U.S. Ambassador to the United Nations: Nikki Haley
The 116th Governor of South Carolina has become a popular figure in the GOP. President Trump hopes that she will represent the true interests of the GOP to the UN, especially with Israel. After the U.S.’s recent decision not to veto the UN resolution about Israeli settlements, the GOP majority of the United States is feeling misrepresented. Haley is an immigrant who came from from India. Haley and Trump had multiple conflicts during the election, including Trump calling Haley “weak” on illegal immigration. Haley was confirmed by the Senate 96-4.
Secretary of Transportation: Elaine Chao
President Trump appointed Senate Majority Leader Mitch McConnell’s wife to be the Transportation Secretary. According to her website, Chao was the first woman of Asian descent to be appointed to a presdent’s cabinet after being in President George W. Bush’s cabinet as the Secretary of Labor. If Trump follows his plan to invest in infrastructure in his first 100 days, Chao will be Trump’s go to. While Chao does not have experience within transportation, she did serve for eight years as the Secretary of Labor, which has given her valuable experience in a cabinet position.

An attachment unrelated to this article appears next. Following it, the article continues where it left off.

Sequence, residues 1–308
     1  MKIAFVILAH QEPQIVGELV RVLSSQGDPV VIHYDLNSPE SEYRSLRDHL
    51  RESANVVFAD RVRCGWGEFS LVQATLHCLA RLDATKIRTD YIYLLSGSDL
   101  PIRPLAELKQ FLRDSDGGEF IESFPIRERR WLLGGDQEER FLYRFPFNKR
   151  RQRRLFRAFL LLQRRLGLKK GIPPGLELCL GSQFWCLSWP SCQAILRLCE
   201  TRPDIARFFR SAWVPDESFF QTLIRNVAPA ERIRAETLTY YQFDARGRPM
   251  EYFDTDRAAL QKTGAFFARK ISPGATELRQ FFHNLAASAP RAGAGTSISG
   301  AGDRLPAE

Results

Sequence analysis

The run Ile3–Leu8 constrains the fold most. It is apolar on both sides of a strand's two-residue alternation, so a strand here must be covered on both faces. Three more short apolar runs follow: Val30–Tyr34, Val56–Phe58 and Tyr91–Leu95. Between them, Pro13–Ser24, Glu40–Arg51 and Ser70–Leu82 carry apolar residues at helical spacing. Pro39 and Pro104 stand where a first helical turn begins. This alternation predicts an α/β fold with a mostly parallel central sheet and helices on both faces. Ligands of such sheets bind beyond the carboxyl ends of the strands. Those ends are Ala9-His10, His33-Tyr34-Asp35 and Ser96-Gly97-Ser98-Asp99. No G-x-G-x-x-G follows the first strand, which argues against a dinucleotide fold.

Secretary of Energy: Rick Perry
The former Texas governor was appointed to be the Secretary of Energy. Perry is another eye-opening choice because according to the New York Times, he once wanted to eliminate the department of energy which would greatly decrease the government’s research into alternative energy sources which is a critical part of America’s future. Despite its name, the Department of Energy is actually in charge of nuclear weapon research which is a responsibility that one would think belongs to the Department of Defense. In fact, 60 percent of its funding goes to the development of nuclear weapons. One advantage Perry may have is that running Texas has provided him with valuable experience dealing with the oil tycoons.